By Alex Calvo


Now that we have left behind the year 2014, it is time to look back at some of the most significant events for Catalonia. Among them, public support for self-determination from a top US presidential aide. Faced between the ballot, and the bullet, the leader of the post-war liberal order did not hesitate, sending a powerful message. While the battle is not over, and US warnings are not a waterproof guarantee (in 1982 Galtieri ignored Reagan’s personal call and went on to use force against the principle of self-determination), it was a major step forward for Catalonia to see her democratic credentials receive public support from Washington.

When the ballot confronts the bullet, when a regime’s only response to a people’s legitimate aspirations is to issue threat after threat, when millions defy such threats and hold hands demanding the freedom their forebears lost by force of arms, neutrality is no longer possible. As so often in the history of humankind, what may at first seem as a local conflict soon takes a whole new meaning, becoming yet another chapter in the long struggle for freedom and democracy, a long struggle that has taken humankind from the ancient regime of absolute kings to the modern concept of government of the people, by the people, and for the people. When this happens, the Arsenal of Democracy cannot stay silent, the Free World’s leader cannot look the other way, neutrality is no longer possible.

And thus, it should not have come as a surprise, although it was indeed much welcome, to hear Ben Rhodes, Barack Obama’s Deputy National Security Advisor for Strategic Communications and Speechwriting, say loud and clear, at an interview on Friday 31 January 2014, that “Sometimes autonomy works, sometimes peoples end up being independent states, sometimes there are unions, and so I think as a general matter we support there being a process for reviewing these issues in each country, but ultimately each country, each set of peoples is going to make their own determinations”. It was an excellent way to open the new year. The White House spoke, and no doubts remained, the United States of America supported the Catalan ballot, not the Spanish bullet. It was a shot across the bow for those labouring in some dark corner, refining their coup plans, preparing to use force against civilians, planning their war crimes, or at least tempted to do so. The warning came just in time, allowing them to discreetly take a step back. Actually, they could even use the latest rebuff from Washington as an excuse to shelve their evil plans without losing too much face.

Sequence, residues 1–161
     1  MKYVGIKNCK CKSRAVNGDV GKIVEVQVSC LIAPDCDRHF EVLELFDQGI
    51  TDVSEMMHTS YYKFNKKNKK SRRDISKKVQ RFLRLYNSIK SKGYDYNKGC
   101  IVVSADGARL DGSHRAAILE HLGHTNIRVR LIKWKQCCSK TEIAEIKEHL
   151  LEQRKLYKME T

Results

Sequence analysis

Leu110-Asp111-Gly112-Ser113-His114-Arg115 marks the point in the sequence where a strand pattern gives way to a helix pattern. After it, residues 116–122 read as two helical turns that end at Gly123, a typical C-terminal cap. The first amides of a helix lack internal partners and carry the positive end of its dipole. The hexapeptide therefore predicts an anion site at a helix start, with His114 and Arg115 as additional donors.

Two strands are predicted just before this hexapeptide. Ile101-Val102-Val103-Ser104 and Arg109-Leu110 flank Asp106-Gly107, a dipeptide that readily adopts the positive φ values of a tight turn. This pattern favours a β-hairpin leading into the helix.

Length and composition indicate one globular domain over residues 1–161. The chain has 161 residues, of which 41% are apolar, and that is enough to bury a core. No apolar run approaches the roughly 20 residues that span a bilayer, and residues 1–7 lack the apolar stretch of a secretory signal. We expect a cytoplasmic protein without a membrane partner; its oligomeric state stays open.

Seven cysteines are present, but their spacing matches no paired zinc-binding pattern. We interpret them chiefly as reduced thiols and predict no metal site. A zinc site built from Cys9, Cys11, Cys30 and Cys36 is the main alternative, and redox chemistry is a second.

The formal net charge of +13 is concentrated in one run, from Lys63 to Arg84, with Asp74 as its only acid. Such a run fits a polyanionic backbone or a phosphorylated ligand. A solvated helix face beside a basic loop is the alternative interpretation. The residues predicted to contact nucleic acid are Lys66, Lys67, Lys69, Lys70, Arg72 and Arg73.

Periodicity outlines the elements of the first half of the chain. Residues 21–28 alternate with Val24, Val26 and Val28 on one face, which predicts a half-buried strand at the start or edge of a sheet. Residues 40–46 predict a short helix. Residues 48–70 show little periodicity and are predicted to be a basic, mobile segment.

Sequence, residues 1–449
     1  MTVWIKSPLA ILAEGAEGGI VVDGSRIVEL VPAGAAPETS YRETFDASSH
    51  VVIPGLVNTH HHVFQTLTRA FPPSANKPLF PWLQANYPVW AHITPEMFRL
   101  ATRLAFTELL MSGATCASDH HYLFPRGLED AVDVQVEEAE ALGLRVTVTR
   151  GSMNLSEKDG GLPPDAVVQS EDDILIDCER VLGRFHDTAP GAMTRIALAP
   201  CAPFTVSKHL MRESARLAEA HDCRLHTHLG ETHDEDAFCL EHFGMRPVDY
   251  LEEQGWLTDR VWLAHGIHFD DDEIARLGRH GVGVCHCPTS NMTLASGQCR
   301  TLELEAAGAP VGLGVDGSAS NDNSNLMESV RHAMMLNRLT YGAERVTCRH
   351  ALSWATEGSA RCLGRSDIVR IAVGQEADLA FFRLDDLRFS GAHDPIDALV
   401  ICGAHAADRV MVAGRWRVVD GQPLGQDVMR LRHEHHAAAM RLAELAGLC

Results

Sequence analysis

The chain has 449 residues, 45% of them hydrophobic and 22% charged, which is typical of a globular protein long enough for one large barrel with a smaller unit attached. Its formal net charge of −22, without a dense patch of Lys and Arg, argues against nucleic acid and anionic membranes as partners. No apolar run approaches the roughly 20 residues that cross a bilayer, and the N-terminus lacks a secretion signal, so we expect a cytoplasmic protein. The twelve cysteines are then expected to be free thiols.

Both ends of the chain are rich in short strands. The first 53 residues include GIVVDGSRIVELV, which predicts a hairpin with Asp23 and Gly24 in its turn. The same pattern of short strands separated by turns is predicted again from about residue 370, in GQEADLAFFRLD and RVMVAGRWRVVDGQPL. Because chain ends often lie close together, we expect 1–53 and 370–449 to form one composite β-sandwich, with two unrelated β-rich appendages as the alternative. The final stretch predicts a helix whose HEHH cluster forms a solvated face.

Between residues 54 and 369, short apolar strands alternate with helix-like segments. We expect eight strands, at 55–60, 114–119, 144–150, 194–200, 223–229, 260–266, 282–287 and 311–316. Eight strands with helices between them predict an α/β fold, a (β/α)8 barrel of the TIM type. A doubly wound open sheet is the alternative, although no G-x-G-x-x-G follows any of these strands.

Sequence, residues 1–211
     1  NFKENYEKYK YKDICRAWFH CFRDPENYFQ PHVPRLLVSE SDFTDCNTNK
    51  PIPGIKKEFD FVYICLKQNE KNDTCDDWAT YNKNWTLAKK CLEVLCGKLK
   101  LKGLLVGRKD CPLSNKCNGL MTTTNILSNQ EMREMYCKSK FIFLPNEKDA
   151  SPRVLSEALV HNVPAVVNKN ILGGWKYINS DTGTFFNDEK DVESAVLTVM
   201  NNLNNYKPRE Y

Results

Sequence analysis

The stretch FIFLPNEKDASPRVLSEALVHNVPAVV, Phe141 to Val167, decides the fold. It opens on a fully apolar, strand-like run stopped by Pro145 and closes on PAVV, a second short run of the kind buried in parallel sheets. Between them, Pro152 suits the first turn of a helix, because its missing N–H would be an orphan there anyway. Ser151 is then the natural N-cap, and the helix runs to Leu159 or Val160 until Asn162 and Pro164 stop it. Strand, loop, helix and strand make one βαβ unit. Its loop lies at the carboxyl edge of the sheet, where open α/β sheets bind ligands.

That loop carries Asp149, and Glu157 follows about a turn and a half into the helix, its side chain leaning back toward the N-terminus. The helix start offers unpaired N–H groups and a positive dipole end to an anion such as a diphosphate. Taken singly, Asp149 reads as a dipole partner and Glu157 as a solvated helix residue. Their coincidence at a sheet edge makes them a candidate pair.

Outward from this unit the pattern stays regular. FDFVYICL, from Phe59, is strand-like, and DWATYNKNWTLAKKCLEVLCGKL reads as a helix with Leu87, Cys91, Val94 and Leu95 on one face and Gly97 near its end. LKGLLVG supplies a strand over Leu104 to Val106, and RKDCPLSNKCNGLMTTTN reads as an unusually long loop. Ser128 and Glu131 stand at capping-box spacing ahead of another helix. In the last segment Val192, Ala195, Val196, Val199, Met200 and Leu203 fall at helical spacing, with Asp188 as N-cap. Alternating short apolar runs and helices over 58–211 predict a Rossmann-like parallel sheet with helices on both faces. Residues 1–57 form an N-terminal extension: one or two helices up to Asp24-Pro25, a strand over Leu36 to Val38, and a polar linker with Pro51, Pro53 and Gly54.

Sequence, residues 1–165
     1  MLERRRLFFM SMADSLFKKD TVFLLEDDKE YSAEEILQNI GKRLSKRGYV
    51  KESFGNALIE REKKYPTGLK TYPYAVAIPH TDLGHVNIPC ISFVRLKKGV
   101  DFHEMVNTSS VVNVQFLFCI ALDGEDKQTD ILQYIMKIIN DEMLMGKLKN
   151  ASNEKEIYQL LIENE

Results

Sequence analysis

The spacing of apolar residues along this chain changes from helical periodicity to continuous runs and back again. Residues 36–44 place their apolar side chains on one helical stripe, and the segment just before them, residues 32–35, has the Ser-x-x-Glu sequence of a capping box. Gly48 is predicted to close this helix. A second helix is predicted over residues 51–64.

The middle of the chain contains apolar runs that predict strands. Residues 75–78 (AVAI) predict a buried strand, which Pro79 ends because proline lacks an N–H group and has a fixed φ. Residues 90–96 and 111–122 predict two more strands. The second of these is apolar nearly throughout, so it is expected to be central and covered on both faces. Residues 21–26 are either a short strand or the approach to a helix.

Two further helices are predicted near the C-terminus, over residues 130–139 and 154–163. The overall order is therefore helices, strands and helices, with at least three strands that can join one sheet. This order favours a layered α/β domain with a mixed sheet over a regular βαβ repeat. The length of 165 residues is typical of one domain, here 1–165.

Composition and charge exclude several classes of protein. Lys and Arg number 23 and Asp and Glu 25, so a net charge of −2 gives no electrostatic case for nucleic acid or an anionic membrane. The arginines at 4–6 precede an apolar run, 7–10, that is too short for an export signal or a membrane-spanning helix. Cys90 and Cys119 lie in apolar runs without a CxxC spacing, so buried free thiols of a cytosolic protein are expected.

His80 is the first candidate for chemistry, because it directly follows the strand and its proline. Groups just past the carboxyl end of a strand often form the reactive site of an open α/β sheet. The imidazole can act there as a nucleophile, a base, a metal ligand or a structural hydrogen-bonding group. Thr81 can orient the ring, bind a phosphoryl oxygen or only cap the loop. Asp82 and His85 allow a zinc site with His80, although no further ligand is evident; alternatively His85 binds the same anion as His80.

By speaking out against a coup, the United States acted in accordance with her grave responsibilities as leader of the Free World and main pillar of peace and stability in the post-war order. Washington was following the principles already enunciated in the Atlantic Charter, issued by President Roosevelt and Prime Minister Churchill, and later embodied in the UN Charter. Furthermore, the White House was engaging in preventive diplomacy. America has already shown, more than once, the resolve and the capabilities to deal with murderous regimes and to help advance the cause of freedom, with the help of key allies such as the United Kingdom. However, there is something still better than reacting to violence against civilians: preventing it. This may well have been in Ben Rhodes’ mind, sending a clear, unambiguous signal, which obviously would not have come out without the explicit support of the commander in chief.

To lend even more credence to his words, a US Navy warship visited Barcelona a few days before the 9 November vote. It was a coincidence, of course, a technical stop, as repeated ad nauseum by the US Consulate’s Twitter account. However, the more the Consulate insisted that this was just routine, the clearer it became that it was something more. It was a clear signal. “Gunboat diplomacy” may be an infamous term, but at least on this occasion it gained a rather different, and most positive meaning, perhaps we may call it “gunboat democracy”.

In looking back at 2014, let us thus once again welcome this renewed display of US leadership, thank America for yet again defending liberty in the Old Continent, while, however, steeling ourselves to face the worst, for unfortunately there is still no guarantee that Ben Rhodes’ call will be heeded. The battle between the ballot and the bullet is still ongoing, and the latter’s proponents may still be tempted to resort to it in a desperate bid to preserve what they gained by force of arms 300 years ago. This threat, however, should not deter the defenders of government of the people, by the people, and for the people, for history is on their side, and so is the Arsenal of Democracy.


Alex Calvo is an expert on Asian security and defence

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